Wednesday, June 12, 2013

Archive: November 21, 2012

Some Mini-Reviews

Considering the fact that it’s hard enough to find time to watch movies in my busy college schedule, finding time to write about them is definitely a challenge. So, while I will be as up to date and thorough as possible on reviews of movies that are currently in the theaters, sometimes I watch movies that nobody else really cares about, and shouldn’t necessarily elicit a full review. So as often as possible, I’ll keep you up to date on the less important movies I’ve seen recently (because my own film education is far from finished) in a series of mini-reviews.
Year: 1999
Director: Jamie Babbit
Cast: Natasha Lyonne, Clea DuVall, Michelle Williams
Run Time: 1 hour 25 minutes
MPAA Rating: R
This film is one of a numerous group of tossaway gay comedies that think they can get away with subpar production on the merit of catering to LGBT audiences.
The thing is, it can. Let’s face it, we’re not exactly seeing Hollywood churn out slick gay comedies by the bushel. While there are certainly some stellar gay movies, cheapie indie comedies are the LGBT cinephile community’s bread and butter.
And this film is certainly a saccharine-sweet example of the genre. The film follows Megan (Lyonne), the titular cheerleader, who is confronted by her parents and friends and sent to an “Ex-gay” camp for teenagers, even though she insists she isn’t a lesbian.
Not a Spoiler Alert: She is.
She falls for the resident bad girl, Graham (Clea DuVall) and they struggle to find themselves in the most poisonous environment for any new lesbian relationship. What follows is 80-something minutes of tender, well-meaning, if not particularly stellar comedy.
Lyonne’s acting is laughably vacant. My friend Shannon put it best: “They could not have picked a straighter actress to play Megan.” Despite not once having me believe that she actually ever had sexual feelings for women, she and DuVall managed to have a spark (chemistry which is owed in its entirety to DuVall’s sturdy performance, without a doubt the best in the movie).
Also featuring appearances by RuPaul and Mink Stole (who always manages to find herself in these things), the movie is solid overall with garish production design and snarky conservative satire. It delivers an optimistic message to gay youths everywhere, but isn’t particularly worth seeing if you happen to be (ew) straight.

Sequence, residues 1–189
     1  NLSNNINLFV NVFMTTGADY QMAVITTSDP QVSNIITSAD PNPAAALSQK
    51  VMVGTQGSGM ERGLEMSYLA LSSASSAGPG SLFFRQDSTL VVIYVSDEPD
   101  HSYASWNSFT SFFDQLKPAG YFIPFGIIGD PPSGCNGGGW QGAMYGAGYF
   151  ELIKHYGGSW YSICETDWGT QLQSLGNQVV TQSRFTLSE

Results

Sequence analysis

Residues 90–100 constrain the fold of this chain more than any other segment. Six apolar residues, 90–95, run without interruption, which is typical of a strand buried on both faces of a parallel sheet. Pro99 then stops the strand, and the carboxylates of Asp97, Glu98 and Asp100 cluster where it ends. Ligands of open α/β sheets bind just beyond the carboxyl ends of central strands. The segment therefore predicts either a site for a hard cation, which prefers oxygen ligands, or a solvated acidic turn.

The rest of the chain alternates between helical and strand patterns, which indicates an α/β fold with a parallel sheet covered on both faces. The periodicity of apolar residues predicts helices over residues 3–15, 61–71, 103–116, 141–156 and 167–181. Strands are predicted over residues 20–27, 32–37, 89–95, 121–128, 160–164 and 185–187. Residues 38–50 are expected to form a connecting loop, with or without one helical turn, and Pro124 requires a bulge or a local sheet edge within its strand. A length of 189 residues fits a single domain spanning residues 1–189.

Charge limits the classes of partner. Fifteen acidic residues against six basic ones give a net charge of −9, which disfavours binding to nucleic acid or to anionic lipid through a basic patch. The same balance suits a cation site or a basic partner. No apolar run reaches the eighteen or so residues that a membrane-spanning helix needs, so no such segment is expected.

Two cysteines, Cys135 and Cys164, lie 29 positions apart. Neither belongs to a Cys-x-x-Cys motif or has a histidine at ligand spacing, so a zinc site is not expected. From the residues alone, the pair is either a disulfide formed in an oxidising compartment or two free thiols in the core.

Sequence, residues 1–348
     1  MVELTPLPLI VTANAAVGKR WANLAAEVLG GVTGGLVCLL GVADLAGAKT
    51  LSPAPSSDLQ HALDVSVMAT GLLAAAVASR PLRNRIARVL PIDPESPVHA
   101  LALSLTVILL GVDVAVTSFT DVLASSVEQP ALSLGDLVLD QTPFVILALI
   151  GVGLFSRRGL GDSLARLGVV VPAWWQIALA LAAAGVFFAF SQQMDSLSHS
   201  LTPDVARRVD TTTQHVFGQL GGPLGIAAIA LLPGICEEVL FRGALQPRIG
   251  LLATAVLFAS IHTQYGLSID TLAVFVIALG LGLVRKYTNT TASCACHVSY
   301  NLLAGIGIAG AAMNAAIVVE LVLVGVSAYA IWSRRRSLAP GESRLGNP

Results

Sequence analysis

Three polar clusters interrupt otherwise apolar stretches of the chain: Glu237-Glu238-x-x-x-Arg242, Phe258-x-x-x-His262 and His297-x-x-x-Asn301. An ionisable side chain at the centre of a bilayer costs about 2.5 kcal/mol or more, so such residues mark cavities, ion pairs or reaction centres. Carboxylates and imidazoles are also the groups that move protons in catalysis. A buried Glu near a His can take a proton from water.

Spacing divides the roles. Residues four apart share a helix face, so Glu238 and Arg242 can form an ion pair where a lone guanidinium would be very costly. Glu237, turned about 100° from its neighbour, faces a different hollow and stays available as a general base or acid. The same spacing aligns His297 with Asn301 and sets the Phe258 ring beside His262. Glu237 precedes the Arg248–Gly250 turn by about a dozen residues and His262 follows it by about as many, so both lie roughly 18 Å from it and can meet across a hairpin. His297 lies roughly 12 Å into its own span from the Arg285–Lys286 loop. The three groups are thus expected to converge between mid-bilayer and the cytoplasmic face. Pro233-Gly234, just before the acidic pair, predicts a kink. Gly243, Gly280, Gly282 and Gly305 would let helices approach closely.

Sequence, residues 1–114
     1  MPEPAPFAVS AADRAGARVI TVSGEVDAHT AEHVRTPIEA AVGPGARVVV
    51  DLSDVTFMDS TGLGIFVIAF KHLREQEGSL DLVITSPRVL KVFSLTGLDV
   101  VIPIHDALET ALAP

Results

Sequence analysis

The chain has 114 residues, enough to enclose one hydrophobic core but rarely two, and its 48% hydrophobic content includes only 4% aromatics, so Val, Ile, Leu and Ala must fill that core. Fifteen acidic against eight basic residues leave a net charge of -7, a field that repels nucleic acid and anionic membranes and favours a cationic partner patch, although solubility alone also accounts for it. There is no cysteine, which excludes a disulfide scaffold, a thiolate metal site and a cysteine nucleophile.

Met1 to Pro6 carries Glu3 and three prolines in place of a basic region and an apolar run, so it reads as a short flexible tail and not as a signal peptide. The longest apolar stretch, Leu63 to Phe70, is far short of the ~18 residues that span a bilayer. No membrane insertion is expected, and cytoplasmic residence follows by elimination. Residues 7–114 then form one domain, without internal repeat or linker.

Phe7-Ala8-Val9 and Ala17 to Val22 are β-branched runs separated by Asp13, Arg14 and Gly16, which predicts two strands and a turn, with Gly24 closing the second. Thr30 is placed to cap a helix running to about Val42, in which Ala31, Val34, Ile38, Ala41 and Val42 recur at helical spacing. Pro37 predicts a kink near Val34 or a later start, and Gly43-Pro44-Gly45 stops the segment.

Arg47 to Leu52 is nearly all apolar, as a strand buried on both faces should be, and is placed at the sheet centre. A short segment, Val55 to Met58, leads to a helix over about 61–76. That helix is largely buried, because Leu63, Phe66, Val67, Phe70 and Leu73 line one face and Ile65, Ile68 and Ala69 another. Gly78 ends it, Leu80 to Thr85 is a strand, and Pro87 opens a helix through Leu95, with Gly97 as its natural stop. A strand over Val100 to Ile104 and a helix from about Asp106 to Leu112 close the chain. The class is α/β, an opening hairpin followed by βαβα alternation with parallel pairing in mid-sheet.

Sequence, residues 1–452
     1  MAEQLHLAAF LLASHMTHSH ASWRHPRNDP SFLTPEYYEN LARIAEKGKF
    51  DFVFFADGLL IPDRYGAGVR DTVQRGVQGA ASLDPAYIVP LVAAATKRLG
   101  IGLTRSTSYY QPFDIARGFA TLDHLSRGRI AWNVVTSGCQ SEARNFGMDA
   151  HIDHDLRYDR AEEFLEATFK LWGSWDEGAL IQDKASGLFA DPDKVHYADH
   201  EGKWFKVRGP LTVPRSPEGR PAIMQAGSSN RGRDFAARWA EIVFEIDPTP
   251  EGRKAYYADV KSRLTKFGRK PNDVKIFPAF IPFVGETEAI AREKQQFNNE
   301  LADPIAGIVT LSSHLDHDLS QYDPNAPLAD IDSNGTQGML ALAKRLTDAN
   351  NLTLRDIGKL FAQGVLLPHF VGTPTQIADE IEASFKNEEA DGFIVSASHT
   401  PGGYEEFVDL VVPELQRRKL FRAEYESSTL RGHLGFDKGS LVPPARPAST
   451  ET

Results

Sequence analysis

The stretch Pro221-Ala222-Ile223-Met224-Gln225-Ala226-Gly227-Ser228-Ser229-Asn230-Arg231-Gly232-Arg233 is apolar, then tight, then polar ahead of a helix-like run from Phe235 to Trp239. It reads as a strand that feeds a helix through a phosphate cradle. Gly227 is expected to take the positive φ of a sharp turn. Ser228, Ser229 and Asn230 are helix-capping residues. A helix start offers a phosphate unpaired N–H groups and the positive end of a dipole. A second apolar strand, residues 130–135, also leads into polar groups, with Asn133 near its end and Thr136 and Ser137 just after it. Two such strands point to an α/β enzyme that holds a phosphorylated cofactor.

Rating: 5/10
Year: 2008
Director: Ella Lemhagen
Cast: Gustaf Skarsgård, Torkel Petersson, Tom Ljungman
Run Time: 1 hour 43 minutes
MPAA Rating: R
On a whim the other night, I decided to forgo homework and watch a movie on Netflix. I happened upon Patrik Age 1.5 (or Patrik 1,5), a Swedish film about a gay couple that adopts a 1 1/2 year old child, who due to a clerical error, turns out to be a rebellious, homophobic 15-year-old.
…This week has been a pretty gay week for me, all things considered. 
Anyway, I expected this film to be another throwaway gay comedy, something like a Swedish Big Daddy, a family farce of opposites. What I was given was a riveting (albeit predictable) drama that had quite a set of teeth. Everything is not well in Scandinavia.
Patrik’s (Ljungman) arrival in the lives of Sven (Petersson) and Göran (Skarsgård) turns them completely upside-down. Göran can see the good in his surprise son, but Sven can’t see past the kid’s criminal history and the disagreement drives them apart, especially considering that Sven was iffy on the concept of having kids in the first place.
The couple navigates the rough waters of adoption and neighborhood prejudice and delivers a powerful story of modern LGBT relations (partially undermined by the fact that the Swedish word for “homo” sounds hilariously like “bug.”).
The plot moves along in a pretty standard way, but the interplay between Göran and Patrik is impossible to resist. The actors have impeccable (and completely, thankfully, nonsexual) chemistry, and the result is… incredible.
The gay issues don’t actually take the forefront of the plot, and the story focuses on the family drama, and the paternal relationship between a lonely Göran and his new, at first unwilling, son.
I’ve always said that I appreciate gay films that don’t make too big a deal about being gay (because how else will true equality be achieved?), and this film delivered. The fact that it’s in Swedish also is a huge draw, because foreign languages fascinate me utterly.
I would highly recommend it to anyone who cares about people. At all.
Rating: 8/10
Word Count: 791

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